Want to learn all the rules of government contracting? How much time do you have?
If you’re looking for a quick list of rules for bidding on a government job, I’ve got good news and bad news. Let’s start with the good: if you’re a small business, the government wants to make things easier on you. They have set aside funds for small businesses, hired representatives to help you, and even simplified the approval process for small business government contracting. The bad news? The basic rulebook for government contracting is still over a thousand pages long. Plus, separate agencies may have their own addendums. Add the sea of “helpful resources for government contracting” available online, and it can be hard to know where to start.
While we can’t cover all the rules in this blog, we will list a few of the most important ones, along with a few links and resources to point you in the right direction, and help cut through the clutter.
1. The FAR
First things first: read the Federal Acquisition Regulations (FAR), otherwise known as “The Bible” of government contracting. This is the thousand-page document I was telling you about, and it contains all the rules governing the government purchasing process. Except the agency-specific supplements, which can also be thousands of pages long. Go ahead, read it. I’ll wait.
What? You’re busy? OK then, try these Quick Tips first:
- Ask the Agency.
If you don’t have time to read every line right now, you can ask the specific agency issuing the request for proposal (RFP) you’re interested in to let you know which sections apply to the contract. Also, ask if there is a separate agency acquisition supplement you need to review.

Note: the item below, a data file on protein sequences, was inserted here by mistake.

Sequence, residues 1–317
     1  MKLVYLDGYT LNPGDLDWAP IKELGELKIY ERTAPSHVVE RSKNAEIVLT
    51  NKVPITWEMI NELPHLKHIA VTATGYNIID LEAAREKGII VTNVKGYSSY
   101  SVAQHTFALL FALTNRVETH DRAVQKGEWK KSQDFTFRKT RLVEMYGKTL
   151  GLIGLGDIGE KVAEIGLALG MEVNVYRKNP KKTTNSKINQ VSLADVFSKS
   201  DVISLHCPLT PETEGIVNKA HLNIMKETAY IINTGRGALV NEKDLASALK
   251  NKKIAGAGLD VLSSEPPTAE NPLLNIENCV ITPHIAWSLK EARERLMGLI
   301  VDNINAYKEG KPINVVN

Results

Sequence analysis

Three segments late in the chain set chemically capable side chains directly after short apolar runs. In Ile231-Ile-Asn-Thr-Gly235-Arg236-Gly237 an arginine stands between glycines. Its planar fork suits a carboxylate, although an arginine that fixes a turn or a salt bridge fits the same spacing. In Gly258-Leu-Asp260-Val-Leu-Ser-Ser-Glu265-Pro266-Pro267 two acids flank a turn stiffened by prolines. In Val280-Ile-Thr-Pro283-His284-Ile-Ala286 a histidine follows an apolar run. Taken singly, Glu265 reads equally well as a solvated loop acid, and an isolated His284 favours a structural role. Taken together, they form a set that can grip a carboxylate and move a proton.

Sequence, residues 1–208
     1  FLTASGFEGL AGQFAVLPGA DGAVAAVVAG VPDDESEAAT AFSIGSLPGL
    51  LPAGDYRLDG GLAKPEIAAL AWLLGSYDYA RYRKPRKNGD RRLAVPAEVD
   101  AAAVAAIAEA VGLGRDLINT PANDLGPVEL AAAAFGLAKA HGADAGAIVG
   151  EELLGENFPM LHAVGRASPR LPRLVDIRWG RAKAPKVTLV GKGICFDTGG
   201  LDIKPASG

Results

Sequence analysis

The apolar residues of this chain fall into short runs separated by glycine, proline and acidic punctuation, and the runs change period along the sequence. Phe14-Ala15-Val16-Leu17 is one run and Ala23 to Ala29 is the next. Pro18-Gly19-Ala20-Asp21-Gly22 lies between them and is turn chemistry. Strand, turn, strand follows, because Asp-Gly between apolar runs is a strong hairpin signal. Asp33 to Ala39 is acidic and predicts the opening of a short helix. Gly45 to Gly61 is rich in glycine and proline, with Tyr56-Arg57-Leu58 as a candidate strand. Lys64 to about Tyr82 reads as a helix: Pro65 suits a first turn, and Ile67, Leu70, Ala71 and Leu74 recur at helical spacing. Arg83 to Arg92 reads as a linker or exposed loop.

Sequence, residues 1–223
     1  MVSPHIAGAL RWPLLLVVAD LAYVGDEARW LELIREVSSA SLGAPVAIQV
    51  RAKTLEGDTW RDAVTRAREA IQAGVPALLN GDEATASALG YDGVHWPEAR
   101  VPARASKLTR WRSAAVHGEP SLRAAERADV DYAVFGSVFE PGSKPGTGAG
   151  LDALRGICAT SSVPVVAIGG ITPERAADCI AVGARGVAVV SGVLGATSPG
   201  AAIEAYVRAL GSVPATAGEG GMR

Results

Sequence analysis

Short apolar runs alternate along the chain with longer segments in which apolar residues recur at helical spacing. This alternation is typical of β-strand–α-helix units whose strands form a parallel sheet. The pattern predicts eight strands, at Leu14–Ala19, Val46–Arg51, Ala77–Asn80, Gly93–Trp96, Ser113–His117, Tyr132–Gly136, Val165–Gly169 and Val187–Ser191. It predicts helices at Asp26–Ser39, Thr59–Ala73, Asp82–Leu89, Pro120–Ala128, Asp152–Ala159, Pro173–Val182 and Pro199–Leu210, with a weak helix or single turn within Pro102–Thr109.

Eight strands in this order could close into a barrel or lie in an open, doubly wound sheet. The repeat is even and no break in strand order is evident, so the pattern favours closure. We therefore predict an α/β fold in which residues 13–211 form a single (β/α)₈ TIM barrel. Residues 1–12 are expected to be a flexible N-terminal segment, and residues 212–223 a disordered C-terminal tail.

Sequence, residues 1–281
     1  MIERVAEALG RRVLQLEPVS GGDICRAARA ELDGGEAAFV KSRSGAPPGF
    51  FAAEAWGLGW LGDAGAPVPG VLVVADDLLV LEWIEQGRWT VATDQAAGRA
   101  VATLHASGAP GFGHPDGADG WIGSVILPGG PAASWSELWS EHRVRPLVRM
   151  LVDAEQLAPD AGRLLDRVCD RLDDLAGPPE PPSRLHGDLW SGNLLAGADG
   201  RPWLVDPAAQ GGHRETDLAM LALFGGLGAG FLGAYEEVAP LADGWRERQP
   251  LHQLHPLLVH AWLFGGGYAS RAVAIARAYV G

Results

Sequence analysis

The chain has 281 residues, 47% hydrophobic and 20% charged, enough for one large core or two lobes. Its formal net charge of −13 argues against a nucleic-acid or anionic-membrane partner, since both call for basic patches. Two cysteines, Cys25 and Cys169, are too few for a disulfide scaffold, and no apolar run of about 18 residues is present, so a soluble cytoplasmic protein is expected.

Some agencies, like the Federal Aviation Agency (FAA), are not bound by the FAR, and have their own acquisition guidelines. That’s one more reason to ask which rules to review.
- Hit the Highlights.
The most important parts of the FAR for small business are Part 19, Small Business Programs, and Part 52, which overviews the standard terms and conditions for government contracts. Read these first.
2. The Small Business Administration
The Small Business Administration (SBA) exists to help small businesses in America grow — and that includes helping you understand the FAR and other rules governing government contracting. Their website is packed with useful information, but deciding what to read first can be overwhelming. Below are a few shortcuts to some of their top resources, to help you learn the rules faster:
- Rules for Getting Started
To be a government contractor, you’ll need to get Dun & Bradstreet D-U-N-S® Number, register your business with the System of Award Management (SAM), find the correct North American Industry Classification System (NAICS) code, and more. We could list all the rules, but the SBA has already done that for you in this quick, user-friendly online article.
- Free Online Courses
The SBA has created free online training for small businesses like yours. Here’s a link to their course listing on government contracting for small businesses. From understanding the FAR to learning eligibility requirements for special business designations, these courses make following the rules a lot easier.
- Federal Contracts: Overview of Responsibilities
This article provides an overview of some of the terms and conditions unique to federal contracts. (Hint: it’s less than a thousand pages.)
3. Rules (and Benefits) for Small Business Programs
If your business qualifies, you may be able to apply for certification in one of these small business programs, which can provide advantages in securing government work. Learn the rules, and find out how to get certified, at sba.gov:
- Small Business (SB)
- Woman-Owned Small Business (WOSB)
- Small Disadvantaged Business 8(A) Certified [8(A)]
- Historically Underutilized Business Zone (HUBZONE)
- Veteran-Owned Small Business (VOSB)
- Service-Disabled Veteran Owned Small Business (SD-VOSB)
4. Quick Tips for Small Business Government Contracting
Triumph Business Capital can be a great resource for helping your small business get the funding you need to secure government contracting work. Call and ask for Blaine Waugh if you have any questions.